A once inconspicuous house in the cosy East London suburb of Stoke Newington, this semi-detached home on Clonbrock Road has been given an eye-catching facelift. The unique wedge-shaped site of the two storey home and garage gave Lipton Plant Architects the opportunity to complete a project that is a little different, with the top floor of the cantilevered extension protruding over the front door.
The mid-century home sat tucked away for over 60 years, and was calling out for an overhaul. The finished project consisted of a full reconfiguration and extension dominated by pale brick, pale timber tones, and various shades of white.
From the street, the colour and intriguing shape of the façade renders the house instantly recognisable, without being deemed too obscure to ruin the existing streetscape. In juxtaposition to the exteriors of the neighbour's properties, Lipton Plant chose to incorporate just two windows, further adding to its visually striking, yet stunning façade. Interestingly, the front entrance is a sliding door, and the all-glass front entrance is actually frosted glass, allowing for complete privacy without compromising on the allowance of natural light.
Viewing the new interior from the rear garden, a bold and modern design is immediately evident. The reconfiguration allowed for a much more breezy ground floor living space, doing away with the often dark and cramped layout that many terrace homes unfortunately posses.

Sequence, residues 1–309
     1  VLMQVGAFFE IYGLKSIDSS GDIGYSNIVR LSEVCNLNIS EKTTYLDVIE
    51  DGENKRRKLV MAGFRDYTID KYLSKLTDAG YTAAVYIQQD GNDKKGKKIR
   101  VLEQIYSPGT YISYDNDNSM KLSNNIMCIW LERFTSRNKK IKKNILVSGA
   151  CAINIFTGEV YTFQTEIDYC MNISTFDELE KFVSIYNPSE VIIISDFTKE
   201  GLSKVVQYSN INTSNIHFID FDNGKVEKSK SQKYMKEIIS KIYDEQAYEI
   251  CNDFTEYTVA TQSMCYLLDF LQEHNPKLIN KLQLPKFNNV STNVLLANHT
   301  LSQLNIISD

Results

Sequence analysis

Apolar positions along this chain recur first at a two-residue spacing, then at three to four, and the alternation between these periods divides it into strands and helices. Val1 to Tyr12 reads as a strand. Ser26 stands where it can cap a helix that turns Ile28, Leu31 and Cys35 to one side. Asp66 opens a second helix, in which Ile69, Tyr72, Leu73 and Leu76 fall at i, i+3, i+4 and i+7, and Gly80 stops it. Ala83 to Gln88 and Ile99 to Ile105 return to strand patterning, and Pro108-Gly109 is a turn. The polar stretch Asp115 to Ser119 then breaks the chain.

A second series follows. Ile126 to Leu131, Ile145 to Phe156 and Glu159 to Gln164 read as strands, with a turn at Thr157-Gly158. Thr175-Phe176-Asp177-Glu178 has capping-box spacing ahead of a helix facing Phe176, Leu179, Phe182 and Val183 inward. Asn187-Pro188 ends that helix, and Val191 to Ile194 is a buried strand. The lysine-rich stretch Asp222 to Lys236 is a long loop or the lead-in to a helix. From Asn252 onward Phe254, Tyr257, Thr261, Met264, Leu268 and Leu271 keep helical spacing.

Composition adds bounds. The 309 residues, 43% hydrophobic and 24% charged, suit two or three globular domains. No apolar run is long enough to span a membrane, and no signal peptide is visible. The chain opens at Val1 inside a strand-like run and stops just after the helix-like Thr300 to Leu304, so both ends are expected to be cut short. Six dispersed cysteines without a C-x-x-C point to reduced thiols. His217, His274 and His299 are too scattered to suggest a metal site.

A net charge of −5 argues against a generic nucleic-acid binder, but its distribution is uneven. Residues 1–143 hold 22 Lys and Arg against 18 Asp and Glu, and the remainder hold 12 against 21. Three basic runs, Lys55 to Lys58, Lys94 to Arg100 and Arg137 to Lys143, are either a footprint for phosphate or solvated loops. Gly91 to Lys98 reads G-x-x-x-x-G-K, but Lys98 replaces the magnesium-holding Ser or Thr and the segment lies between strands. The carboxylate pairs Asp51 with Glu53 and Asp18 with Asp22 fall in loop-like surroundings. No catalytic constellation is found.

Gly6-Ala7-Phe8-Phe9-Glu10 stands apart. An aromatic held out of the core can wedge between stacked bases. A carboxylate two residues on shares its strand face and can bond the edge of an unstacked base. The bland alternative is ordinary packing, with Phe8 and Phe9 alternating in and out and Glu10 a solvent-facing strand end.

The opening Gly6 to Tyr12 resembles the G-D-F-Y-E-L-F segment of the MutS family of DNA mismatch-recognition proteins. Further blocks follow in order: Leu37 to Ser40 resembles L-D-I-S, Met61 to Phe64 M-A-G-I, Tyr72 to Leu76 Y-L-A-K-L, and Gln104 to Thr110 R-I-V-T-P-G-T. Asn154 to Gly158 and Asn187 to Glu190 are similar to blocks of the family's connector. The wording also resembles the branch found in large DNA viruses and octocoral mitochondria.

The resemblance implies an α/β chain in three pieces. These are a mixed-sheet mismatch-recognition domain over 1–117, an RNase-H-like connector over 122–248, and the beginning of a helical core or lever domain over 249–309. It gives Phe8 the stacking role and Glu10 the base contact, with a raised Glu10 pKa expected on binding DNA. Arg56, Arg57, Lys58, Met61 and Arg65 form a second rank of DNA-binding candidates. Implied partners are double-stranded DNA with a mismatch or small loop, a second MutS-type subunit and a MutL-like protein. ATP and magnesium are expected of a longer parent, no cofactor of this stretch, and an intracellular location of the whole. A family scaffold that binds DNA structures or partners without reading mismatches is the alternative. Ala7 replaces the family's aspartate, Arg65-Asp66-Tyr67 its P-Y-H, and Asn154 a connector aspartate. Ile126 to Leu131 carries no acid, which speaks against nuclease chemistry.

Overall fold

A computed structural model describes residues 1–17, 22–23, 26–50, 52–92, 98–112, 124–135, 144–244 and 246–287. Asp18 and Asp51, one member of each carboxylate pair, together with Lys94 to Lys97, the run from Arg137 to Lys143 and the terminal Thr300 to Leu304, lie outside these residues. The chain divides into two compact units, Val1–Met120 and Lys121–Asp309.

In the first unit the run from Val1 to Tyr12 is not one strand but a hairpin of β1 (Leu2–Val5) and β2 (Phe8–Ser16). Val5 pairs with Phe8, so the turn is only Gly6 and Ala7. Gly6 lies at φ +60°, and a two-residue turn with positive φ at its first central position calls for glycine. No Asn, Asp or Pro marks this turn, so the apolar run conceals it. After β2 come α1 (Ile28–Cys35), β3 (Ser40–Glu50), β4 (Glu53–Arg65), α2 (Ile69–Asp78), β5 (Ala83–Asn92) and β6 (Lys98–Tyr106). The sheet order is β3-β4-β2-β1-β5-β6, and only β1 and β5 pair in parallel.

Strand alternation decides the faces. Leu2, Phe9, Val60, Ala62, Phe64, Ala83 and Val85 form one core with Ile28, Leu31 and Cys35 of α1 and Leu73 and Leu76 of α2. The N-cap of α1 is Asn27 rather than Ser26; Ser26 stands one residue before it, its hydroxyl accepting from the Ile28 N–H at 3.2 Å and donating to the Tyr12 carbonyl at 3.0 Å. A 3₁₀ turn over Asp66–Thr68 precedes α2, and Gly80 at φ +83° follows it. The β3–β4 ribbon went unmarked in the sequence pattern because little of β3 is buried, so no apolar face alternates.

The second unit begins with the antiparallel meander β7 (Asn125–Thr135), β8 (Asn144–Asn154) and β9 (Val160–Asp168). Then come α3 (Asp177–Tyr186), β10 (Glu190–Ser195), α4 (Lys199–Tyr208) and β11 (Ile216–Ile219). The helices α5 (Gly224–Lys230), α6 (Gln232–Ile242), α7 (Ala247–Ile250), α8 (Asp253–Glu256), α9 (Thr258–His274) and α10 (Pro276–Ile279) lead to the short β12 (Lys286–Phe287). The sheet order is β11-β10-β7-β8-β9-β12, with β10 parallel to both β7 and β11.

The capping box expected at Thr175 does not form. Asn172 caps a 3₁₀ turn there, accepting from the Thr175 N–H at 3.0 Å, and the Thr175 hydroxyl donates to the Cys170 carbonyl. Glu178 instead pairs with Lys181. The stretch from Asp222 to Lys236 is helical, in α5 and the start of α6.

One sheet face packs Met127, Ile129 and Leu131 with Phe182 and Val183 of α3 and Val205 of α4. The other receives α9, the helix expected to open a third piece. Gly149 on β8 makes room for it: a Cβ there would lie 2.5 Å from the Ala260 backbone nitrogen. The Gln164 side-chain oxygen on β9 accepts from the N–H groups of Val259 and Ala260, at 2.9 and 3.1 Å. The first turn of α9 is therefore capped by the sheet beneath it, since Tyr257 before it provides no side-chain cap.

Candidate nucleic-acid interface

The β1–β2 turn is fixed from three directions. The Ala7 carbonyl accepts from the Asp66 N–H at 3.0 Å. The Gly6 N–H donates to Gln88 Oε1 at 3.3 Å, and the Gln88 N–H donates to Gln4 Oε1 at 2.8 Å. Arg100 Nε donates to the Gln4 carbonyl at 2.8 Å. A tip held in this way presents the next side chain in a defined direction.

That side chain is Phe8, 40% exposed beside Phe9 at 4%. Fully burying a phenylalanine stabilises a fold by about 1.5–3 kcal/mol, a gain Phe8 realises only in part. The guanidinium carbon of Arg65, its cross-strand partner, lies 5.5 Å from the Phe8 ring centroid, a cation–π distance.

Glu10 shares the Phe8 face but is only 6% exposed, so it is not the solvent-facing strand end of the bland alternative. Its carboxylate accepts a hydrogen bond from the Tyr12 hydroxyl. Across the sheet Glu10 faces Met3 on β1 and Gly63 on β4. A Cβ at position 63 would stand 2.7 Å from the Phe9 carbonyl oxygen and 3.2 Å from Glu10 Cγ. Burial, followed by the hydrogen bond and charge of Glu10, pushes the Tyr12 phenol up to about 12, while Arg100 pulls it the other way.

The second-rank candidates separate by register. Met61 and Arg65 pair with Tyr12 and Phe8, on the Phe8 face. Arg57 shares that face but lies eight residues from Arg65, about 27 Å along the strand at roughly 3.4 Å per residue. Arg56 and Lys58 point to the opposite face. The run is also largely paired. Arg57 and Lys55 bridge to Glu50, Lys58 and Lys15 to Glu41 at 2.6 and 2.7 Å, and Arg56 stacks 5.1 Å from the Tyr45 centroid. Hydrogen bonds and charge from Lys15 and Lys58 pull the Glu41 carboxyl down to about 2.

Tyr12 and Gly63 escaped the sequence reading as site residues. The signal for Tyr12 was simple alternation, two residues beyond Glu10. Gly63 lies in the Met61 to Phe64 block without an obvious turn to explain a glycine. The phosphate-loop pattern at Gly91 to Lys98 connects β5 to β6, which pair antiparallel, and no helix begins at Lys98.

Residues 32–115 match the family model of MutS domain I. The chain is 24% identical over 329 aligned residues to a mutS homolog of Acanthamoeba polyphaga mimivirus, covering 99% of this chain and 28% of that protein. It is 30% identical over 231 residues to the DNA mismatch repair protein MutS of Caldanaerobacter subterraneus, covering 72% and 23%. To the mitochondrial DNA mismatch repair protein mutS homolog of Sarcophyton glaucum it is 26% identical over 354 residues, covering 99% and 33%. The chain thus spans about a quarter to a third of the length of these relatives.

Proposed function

The existing floor remained, but has been given a new lease on life with a fresh sanding, and finished in a white and clear oil. Unrestricted access to the rear space was a key design requirement, which led to the inclusion of double doors that span the full width of the rear façade. It allows in plenty of light and fresh air, all with a bold pop of canary yellow in the frame.
White oiled pine wood, and white floors and ceilings are the prominent colours of the entire interior, with tiny splashes of colour dabbed around the house. Here the staircase of white oiled pine leads the occupants from the downstairs living area to the bedrooms above. The bespoke staircase was built to to intentionally reflect the cantilevered shape of the front of the building, as you can see in the subtle shadow play of the underside of the second flight of stairs. From inside, you get a real insight into just how private the frosted glass that faces onto the street is, and how much light it allows to enter, enhancing the free flowing aura of the living area.
When viewing the home from the street, you might have been instantly curious to find out what they might actually do with the small nook created by the cantilevered façade. Well, here you can see that the owners have chosen to use it as a small play and reading area for the young children of the house, ensuring that no space is left unused, in a city where every square inch of real estate counts.
Keen to see another project similar to this? Then take a look at our before & after article of a semi-detached home in Manchester.